It is painful when our illusion of security and permanence is ripped away, especially so needlessly and unexpectedly. For a long while, I've had a metaphor that I use in my own life to remind me not to take the day-to-day for granted. Because none of us will last forever. We are all just rabbits, going about our business. But somewhere, up there in the sky, is a hawk. And you never know when it will fall on you. In the meantime, be sure to enjoy the sunshine, the sweet grass, and the other bunnies.

Wednesday, April 10, 2013

Learning about Literacy

The schedule is out for the Los Angeles Times Festival of Books 2013, happening 10 days from now at USC. I found some panels I want to attend and authors I'd like to meet, or hear speak again.

From the list of attending authors (here) there are great links to each author's website. Here's my new goal: From now until the festival, I want to click through to each and every author's site and browse their work and background. I know a lot of them, but some are completely new. Maybe I'll find out something I didn't know, or maybe I'll discover some new voices to follow.

I already found out that Francesca Lia Block offers online writing workshops. Cool.

Tuesday, April 9, 2013

Keeping Up with the Family Journal

For most of the years of my offsprings' childhoods, I have kept running "family journals" that depict high points, challenges, and the stuff of daily life that often gets forgotten if not recorded. I don't write everything; I only try to document the days most likely to become memories, and also the chance comments or interests or new skills that we wouldn't remember accurately. These journals have been immensely useful. Often when we discuss some past event or activity, we will look back to the journal and find out exactly the date or details. For example, we know every Halloween costume and every birthday party theme, as well as when the girls learned to bike, throw, skate, whistle, and so on.

In theory, these are family journals, and anyone is welcome to write or draw in them. We also paste cool stuff in, almost like a scrapbook. But in reality, I am the keeper of the journal and I am the only one who writes in them regularly.

Add a lot of times, sadly, I don't even do that.

So then I wind up just listing down the memories, and recording them later. And sometimes I even get behind on that. That's where I am now. The last entry I made in our current Family Journal is dated November 17, 2012. We were on vacation in Arroyo Grande. This week, I finally sat down, and with the aid of my calendar and finance notebook, reconstructed the events of the last five months. Now I just need to write the entries over the next few weeks.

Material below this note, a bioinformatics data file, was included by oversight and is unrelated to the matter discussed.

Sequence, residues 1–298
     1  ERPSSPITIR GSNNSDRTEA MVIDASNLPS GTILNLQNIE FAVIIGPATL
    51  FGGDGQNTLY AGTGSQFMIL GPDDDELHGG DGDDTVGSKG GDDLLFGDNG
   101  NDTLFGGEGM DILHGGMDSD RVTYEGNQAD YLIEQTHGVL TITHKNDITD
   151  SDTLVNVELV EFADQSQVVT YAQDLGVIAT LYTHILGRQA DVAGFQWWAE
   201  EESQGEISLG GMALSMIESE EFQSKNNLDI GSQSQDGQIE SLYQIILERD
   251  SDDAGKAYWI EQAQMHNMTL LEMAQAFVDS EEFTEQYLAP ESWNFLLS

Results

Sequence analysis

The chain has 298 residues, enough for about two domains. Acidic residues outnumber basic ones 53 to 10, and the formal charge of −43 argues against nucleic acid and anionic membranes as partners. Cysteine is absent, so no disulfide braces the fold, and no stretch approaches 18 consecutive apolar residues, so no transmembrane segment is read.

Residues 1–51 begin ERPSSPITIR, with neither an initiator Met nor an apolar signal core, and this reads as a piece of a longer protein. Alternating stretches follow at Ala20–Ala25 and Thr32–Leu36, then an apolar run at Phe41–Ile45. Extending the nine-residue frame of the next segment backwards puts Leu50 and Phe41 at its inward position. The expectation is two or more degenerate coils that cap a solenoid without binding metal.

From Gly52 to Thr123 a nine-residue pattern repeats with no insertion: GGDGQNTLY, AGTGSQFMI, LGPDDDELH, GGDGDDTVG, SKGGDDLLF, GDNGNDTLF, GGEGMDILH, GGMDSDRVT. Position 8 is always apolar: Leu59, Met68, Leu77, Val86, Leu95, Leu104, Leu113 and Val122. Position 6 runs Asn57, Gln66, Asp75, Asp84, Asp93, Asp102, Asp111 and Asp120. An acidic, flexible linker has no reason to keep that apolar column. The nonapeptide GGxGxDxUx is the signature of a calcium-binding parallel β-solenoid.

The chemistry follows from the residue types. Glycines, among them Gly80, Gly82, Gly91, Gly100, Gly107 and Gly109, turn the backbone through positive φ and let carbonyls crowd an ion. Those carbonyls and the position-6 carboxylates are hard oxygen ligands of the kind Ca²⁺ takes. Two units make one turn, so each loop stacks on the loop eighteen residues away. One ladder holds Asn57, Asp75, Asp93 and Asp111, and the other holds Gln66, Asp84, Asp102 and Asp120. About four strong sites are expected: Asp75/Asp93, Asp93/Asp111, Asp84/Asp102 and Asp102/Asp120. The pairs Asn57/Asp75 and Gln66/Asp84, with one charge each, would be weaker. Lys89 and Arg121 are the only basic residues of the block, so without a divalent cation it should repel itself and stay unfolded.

Here's one thing I realized. Since January, we have been very busy. Lots has happened, from wedding to birthdays to a friend's cancer scare. In March, we were even more busy. It was just nonstop from day to day. No wonder it feels like time is going so fast.

No wonder I feel so tired sometimes! A lot is going on!

Thursday, April 4, 2013

I Have the Power To Manifest Anything I Want in My Life

I've noticed that Life is naturally made up of highs and dips. You go through some good times; then you go through some tough times. If you hold on, it always changes around.

Right now is  a bit tough with my teen. But just a bit. Of all the problems she could have, having trouble waking up early and getting going is not the worst. It's mostly just growing pains for her, adjusting to her continually changing self.

I just finished doing a lot of work on tight deadlines. Today, I looked around and realized that, with the start of a new month, my work list is almost empty right now. And nothing's on deadline. It feels weird. Sort of too easy and spacious. I know that I should enjoy the lull because soon enough work will come in to fill my time back up.

Tuesday, April 2, 2013

Wow - Good Work

I was just going over some statistics for a client. As part of our work plan for this year, I analyzed 2012. We actually submitted less proposals than I would have estimated. HOWEVER, it turns out that 33% of what we submitted was actually funded. That's even higher than I thought!

We actually brought in half of all funds that we asked for. So this year, we're going to increase our grant activity ten-fold. Our goal is to generate ten times as many funds as we ever have. But we also have a solid plan with 100 funders to approach. I think we can hit our goal. Especially since they have a great new program in development that I think funders will really like.

And, added bonus, that means it's entirely reasonable for me to work ten times the amount of hours for them, AND to bill for ten times the income myself this year. Yay. It's a win all around!! :)

I'm just giving myself a virtual pat on the back here. I had actually considered this client as a hard-to-fund prospect because of the narrow nature of their mission. I'm shocked to see a 33% success rate in black-and-white! I guess that means I'm doing pretty well at writing for them!: )

Bought a Book for This Line

I have the power to manifest
anything I want in my life!

April Starts

Hello again!

Wow, it was really a fabulous vacation! Just having those two weeks where the pace and tempo of everything changed was exactly the break my family needed. Without a lot of external pressures, we were able to relax and have fun together. Turns out that both girls are wonderful people, and that we all like each other a lot. Our baseline setting is to be pretty amiable.

That's nice to know for when the stress starts to ratchet up again.

For spring, I'm more focused on keeping the stressors in perspective and keeping a warm, positive feeling in our family.

We didn't even do anything terribly exciting. Most of the time, we just hung around the house, or saw friends. But it was fabulous. Just the feeling of sleeping in and being contented was soooo nice.

I got tons of work done too. Turns out that the schedule that worked great for me was to sleep in till mid-morning then do whatever during the day. Then in the evenings, I'd sit in the family room with my family watching TV, and I would do my research or typing for three to five hours, staying up until around midnight. Even though I was a bit tired, I was relaxed because it was evening.

Now though I can't do that any more. To get up by 6:30 am for school, I have to be in bed by 9:00 or so, and I have to make sure the homework gets done in the evening hours. Oh well.

Only two short months, and then summer vacation starts!!